Rob Manfred says MLB will handle team broadcasts if Bally Sports networks miss payments

Los Angeles Angels right fielder Jo Adell throw the ball back into the infield after making a catch against the Texas Rangers during the third inning of a baseball game, Friday, April 15, 2022, in Arlington, Texas. (AP Photo/Michael Ainsworth)
Bally Sports missing its payments could trigger financial chaos for MLB teams. (AP Photo/Michael Ainsworth)

With the owner of the broadcast rights of 14 MLB teams reportedly on the verge of bankruptcy, the league is gearing up for some new responsibilities.

MLB commissioner Rob Manfred told reporters Wednesday that if Diamond Sports Group, the company that runs the nationwide array of Bally Sports network, misses its payments to clubs, those clubs will indeed terminate their agreements, at which point the league would look to produce and distribute those games itself.

Diamond Sports announced Wednesday morning that it will miss a $140 million interest payment, triggering a 30-day grace period to figure out a way forward. It is widely speculated that such a road will lead to bankruptcy, putting MLB in a position where many of its teams could lose one of their biggest sources of revenue.

As Manfred explained MLB's backup plan, the league would try to get the games aired on local cable like usual while creating a new option for fans to stream local games, which has long been forbidden under the usual RSN structure:

"We've been really clear that if Diamond doesn't pay, under every single one of the broadcast agreements, that creates a termination right, and our clubs will proceed to terminate those contracts. In the event that MLB stepped in, what we would do is we would produce the games, we would make use of our asset, the MLB Network, to do that. We would go directly to distributors — meaning Comcast, Charter, the big distributors — and make an agreement to have those games distributed on cable networks.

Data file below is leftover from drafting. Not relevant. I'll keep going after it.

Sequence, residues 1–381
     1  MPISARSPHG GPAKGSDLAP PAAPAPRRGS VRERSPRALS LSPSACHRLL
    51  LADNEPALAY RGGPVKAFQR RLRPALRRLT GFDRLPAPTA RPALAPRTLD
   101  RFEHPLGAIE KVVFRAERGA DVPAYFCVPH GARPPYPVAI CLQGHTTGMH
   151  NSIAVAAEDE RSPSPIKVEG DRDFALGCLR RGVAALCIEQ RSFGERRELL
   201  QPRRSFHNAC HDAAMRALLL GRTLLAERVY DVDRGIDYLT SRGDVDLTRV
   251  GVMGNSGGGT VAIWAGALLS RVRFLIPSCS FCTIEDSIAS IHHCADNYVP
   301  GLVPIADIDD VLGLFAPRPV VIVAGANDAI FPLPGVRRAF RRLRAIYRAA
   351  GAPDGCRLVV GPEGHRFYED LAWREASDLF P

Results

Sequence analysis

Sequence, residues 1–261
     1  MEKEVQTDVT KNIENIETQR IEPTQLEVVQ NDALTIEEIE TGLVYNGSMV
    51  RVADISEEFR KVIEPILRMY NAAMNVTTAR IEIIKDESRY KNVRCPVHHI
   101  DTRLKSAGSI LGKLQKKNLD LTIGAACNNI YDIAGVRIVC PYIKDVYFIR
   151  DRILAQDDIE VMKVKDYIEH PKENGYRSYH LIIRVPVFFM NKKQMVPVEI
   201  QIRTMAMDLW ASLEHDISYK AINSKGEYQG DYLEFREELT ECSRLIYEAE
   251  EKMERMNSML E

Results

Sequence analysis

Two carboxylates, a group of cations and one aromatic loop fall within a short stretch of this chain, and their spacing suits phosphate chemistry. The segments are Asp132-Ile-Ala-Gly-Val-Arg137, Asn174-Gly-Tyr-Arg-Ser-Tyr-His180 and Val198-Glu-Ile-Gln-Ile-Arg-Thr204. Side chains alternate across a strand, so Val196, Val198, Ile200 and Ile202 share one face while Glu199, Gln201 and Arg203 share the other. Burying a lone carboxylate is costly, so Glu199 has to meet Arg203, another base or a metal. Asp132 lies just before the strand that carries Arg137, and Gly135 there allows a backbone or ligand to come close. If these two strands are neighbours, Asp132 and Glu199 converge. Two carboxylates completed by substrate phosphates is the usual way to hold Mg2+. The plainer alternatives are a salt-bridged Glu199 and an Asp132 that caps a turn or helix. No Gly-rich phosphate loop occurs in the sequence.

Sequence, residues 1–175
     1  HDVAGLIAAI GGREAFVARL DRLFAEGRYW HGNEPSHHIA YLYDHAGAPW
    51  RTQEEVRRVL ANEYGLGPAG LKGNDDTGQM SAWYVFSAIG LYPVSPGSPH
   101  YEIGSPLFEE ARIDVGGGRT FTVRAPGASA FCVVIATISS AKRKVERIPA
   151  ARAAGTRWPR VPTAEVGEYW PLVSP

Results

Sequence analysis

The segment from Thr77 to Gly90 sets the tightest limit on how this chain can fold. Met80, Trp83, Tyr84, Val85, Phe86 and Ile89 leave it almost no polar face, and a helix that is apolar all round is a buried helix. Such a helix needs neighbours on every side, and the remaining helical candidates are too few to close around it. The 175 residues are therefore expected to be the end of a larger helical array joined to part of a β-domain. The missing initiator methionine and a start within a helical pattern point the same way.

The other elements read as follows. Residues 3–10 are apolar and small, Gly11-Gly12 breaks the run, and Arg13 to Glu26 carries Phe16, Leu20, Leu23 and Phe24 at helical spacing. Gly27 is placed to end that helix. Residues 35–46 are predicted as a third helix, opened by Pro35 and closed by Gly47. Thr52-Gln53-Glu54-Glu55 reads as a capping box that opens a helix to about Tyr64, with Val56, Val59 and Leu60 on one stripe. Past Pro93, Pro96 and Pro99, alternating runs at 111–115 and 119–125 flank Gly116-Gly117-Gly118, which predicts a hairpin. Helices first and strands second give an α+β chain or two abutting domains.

"We would also be seeking flexibility on the digital side, so that when you look at, you'd go in, you can buy your out-of-market package like you've always had, but you would have the option to buy up into in-market games, which I see as a huge improvement for fans."

When asked if he thinks MLB would be able to replace 100 percent of the revenue that teams were due to receive, Manfred responded simply "not in the short term."

Which teams are affected by Bally Sports' potential failure?

The following teams' local broadcast rights are owned by Bally Sports networks: the Arizona Diamondbacks, Atlanta Braves, Cincinnati Reds, Cleveland Guardians, Detroit Tigers, Kansas City Royals, Los Angeles Angels, Miami Marlins, Milwaukee Brewers, Minnesota Twins, San Diego Padres, St. Louis Cardinals, Texas Rangers and Tampa Bay Rays.

It was reported by Sportico on Tuesday that the three AT&T SportsNet networks, which own the rights of the Colorado Rockies, Houston Astros and Pittsburgh Pirates, also failed to make the obligatory payments in recent weeks. Manfred did not directly address that Wednesday.

The issue is by no means an MLB-only matter, as Bally Sports networks also control the rights of 16 NBA teams, 12 NHL teams and four WNBA teams.

MLB's future if Diamond Sports fails

Diamond Sports' origins date to 2019, when parent company Sinclair Broadcasting Group purchased a group of Fox Sports regional networks from Disney as a condition of the latter's purchase of Fox. Its fall comes as the trend of cord-cutting intensifies, an issue that MLB has been anticipating for years.

Under the current structure, the vast majority of MLB teams are in agreements in which a regional cable channel pays them tens of millions of dollars annually for the right to air most of their games locally. MLB in turn doesn't allow its customers to stream games if they're in the market of that cable channel.

These channels are a major pillar of the cable industry, and the fact that most of them are on the verge of failure means MLB will have to change the way it does business, something Manfred acknowledged Wednesday:

"It's hard to escape the reality that change in media consumption has been particularly hard on the RSNs. Obviously, we want all of our broadcast partners to be successful. We don't want them to have financial difficulties. We have been spending a lot of time and effort trying to work with Diamond to figure out exactly where they are.

"Obviously, our first choice would be that Diamond pay the clubs what they're contractually obligated to pay them. But because I'm a contingency planner by nature, we are prepared no matter what happens, with respect to Diamond, to make sure games are available to fans in their local markets. We think it will be both linear in the traditional cable bundle and digitally on our own platforms, but that remains to be seen."

None of this is a surprise to MLB, which hired RSN veteran Billy Chambers as executive vice president of local media to tackle this exact problem. Whichever direction the league goes, the short term is likely to be painful for many teams' balance sheets.

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